I worked with Oils for this exercise and used a small saucer to mix the colours together. Laid down the intense pure colour then added a little purified linseed oil- laid that colour down and then added in the White. Some colours like the Primary Blue and Crimson Alizarin were very easy to dilute and mix but the white just didn’t work to cool the colour down. I needed to use a lot of white with these colours. The purified Linseed oil was much nicer to use than Turps. The fluidity gained from the linseed oil was extremely good at making the paint go along way. At one point the brush had excessive amount of runny Crimson and accidentally flicked paint onto the painted surface and I like the way this gave texture to flat painted sheets of graded colours. The lighter coloured splattering of paint ontop of the pure colour gives a subtle dimpled effect and the colour spattered on the pure white card sits interestingly beside the flat plain painted colour as it gives the colours their colour definition.
Comparing these colour tests with the last exercise I feel I preferred the diluted pure colours more than the toned down coloureds using white. It’s something about White that makes me feel like I’m using ‘tipex’ to correct something, so the using the white makes me feel like I’m trying to correct a colour. I would normal use White to tone down a colour or if I have done a mistake, I scrape off the paint and use White to paint onto before merging in the colours to correct the texture , tone ect. Subconsciously I feel White is a monochromatic tone that needs replacing with colour like a blank canvase that you have had to primer with White paint or its where something has gone wrong so you have to erase it away and insure that turns back to a white area. So I feel more positive about the diluted down colours, the only problem is that you tend to gain an oil Mark where you have used to much linseed oil or turps.
Transparent= diluted=intense colours and pure colours.
Opaque=white added=mixed colours=pale colourings and tones are more ghostly and less vibrant.
Black and White are not colours so the above process would not work.
To painting a composition where glass and water are objects, then using the above formula would be helpfull. If I was to paint water that had light reflecting within/On it I would use Diluted oil colours to give a transparent impression. If I was to Paint the objects that no light can pass through (opaque) I would use White to mix with colour to help get the correct tones.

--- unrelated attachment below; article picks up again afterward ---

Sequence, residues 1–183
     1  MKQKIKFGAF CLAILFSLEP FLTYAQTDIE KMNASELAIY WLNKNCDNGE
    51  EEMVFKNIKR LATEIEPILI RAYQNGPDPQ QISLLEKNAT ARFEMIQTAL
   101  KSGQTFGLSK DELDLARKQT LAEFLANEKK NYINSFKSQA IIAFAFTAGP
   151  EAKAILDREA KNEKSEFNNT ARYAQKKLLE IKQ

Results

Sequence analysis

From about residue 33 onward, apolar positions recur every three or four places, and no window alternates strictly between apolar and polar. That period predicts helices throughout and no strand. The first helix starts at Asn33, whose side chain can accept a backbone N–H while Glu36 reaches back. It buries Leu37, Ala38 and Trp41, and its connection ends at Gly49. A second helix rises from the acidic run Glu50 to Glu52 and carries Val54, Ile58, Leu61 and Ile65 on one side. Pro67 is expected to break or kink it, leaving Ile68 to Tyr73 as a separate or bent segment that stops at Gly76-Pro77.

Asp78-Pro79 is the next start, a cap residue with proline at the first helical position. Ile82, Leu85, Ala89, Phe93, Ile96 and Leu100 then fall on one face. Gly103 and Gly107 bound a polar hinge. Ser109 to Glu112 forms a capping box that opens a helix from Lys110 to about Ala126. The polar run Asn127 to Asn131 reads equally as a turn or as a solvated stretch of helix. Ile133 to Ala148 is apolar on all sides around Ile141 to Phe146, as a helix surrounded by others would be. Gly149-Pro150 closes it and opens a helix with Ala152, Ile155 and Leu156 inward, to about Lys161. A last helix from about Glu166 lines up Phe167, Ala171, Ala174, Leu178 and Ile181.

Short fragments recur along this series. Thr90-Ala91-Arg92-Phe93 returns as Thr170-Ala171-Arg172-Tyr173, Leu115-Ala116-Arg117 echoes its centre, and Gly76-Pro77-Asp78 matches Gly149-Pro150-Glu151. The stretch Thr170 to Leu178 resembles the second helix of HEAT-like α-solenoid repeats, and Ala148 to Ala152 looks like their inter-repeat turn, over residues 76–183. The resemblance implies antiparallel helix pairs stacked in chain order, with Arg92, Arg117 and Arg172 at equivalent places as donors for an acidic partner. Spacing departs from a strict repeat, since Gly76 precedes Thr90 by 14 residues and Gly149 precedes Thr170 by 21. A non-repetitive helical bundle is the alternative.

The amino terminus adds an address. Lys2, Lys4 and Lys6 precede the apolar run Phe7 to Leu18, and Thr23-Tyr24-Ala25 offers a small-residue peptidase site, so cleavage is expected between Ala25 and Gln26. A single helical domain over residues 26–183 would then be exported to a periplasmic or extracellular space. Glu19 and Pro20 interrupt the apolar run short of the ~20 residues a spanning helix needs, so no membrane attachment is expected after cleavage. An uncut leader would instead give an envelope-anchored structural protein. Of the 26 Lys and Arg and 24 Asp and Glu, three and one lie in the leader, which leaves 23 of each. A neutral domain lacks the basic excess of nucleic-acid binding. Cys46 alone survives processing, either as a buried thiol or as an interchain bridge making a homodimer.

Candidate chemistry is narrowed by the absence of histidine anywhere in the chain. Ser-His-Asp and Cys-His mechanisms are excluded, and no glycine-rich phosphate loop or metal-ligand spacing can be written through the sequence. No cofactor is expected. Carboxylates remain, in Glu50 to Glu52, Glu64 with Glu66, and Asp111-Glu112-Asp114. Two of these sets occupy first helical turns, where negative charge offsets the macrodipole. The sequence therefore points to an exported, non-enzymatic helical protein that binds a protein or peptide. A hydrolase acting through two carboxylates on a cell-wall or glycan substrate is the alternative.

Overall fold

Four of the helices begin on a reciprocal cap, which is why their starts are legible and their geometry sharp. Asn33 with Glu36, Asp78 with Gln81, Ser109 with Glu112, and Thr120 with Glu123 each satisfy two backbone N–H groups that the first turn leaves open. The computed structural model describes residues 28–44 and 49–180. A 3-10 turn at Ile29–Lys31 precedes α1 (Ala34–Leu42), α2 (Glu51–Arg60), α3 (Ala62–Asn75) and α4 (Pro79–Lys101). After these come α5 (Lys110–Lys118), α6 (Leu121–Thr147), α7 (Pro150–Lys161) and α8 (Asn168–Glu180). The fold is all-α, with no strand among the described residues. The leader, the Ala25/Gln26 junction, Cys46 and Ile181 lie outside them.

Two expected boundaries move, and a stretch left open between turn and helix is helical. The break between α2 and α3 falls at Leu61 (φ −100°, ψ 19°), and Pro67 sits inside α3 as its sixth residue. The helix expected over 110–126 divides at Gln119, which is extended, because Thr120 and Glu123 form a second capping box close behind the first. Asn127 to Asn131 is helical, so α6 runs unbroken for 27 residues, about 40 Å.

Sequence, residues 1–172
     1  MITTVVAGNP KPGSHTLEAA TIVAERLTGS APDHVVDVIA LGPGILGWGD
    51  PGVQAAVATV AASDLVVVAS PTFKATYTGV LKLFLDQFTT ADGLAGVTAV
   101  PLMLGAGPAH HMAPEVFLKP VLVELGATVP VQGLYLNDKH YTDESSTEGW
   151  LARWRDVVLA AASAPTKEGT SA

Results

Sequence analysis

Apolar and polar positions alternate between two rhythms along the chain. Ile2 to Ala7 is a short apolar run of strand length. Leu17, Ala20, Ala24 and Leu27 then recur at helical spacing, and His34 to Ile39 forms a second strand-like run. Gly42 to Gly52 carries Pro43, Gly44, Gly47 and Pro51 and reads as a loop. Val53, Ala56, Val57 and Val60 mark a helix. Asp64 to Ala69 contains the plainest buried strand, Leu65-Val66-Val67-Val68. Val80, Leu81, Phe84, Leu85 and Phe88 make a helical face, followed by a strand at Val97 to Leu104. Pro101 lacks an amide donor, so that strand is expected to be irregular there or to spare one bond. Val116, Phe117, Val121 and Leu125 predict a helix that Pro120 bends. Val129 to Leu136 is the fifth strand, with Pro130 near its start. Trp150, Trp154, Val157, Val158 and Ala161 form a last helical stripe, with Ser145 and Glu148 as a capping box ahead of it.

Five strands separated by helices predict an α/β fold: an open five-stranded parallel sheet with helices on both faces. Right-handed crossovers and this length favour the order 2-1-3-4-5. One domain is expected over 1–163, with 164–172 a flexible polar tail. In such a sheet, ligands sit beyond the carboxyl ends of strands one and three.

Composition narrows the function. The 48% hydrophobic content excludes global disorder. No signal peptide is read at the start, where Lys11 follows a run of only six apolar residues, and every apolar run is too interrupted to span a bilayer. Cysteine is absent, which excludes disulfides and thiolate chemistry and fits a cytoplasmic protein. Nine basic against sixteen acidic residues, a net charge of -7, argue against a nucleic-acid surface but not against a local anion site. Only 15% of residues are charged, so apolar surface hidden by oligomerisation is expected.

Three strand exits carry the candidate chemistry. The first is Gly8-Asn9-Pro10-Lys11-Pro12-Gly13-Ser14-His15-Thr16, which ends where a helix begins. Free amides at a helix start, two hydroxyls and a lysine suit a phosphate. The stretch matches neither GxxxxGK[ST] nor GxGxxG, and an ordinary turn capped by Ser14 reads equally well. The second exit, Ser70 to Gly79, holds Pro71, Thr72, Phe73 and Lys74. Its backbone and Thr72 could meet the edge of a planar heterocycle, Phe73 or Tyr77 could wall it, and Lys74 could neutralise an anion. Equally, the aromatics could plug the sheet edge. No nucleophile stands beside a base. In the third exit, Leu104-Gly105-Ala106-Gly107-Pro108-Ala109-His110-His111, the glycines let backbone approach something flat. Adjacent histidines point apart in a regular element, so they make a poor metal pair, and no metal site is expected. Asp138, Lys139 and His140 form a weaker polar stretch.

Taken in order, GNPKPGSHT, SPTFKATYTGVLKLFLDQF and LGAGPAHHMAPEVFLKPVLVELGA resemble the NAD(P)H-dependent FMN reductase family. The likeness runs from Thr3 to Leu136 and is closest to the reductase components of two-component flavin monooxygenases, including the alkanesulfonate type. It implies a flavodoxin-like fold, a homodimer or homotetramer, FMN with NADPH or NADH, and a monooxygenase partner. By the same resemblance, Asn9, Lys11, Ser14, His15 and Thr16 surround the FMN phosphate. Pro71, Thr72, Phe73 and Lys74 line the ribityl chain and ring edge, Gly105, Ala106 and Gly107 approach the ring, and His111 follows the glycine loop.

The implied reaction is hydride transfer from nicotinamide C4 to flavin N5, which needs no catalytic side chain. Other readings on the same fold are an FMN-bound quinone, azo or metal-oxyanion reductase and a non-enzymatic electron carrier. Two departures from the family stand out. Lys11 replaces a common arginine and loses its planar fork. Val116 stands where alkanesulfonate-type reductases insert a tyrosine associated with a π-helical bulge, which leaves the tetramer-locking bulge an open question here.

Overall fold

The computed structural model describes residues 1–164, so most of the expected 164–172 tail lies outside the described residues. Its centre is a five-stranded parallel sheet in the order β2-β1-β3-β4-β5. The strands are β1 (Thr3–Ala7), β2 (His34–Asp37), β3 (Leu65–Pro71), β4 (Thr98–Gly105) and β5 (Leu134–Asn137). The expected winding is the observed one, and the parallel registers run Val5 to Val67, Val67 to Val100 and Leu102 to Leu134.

I watched this utube video, (which is American ) but they showed a paint tube that was either transparent, translucent or opaque and they demonstrate the colour theory behind layering colours and they called Opaque night time tones and Transparent Jewel like intensity that gives an impression of day light.
Opaque and transparent
Definitions of what is opaque and what is transparent or translucent
Objects vary in how they transmit light.
Transparent objects allow light to travel through them. Materials like air, water, and clear glass are called transparent. When light encounters transparent materials, almost all of it passes directly through them. Glass, for example, is transparent to all visible light. Translucent objects allow some light to travel through them. Materials like frosted glass and some plastics are called translucent. When light strikes translucent materials, only some of the light passes through them. The light does not pass directly through the materials. It changes direction many times and is scattered as it passes through. Therefore, we cannot see clearly through them and objects on the other side of a translucent object appear fuzzy and unclear.
Opaque objects block light from traveling through them. Most of the light is either reflected by the object or absorbed and converted to thermal energy. Materials such as wood, stone, and metals are opaque to visible light.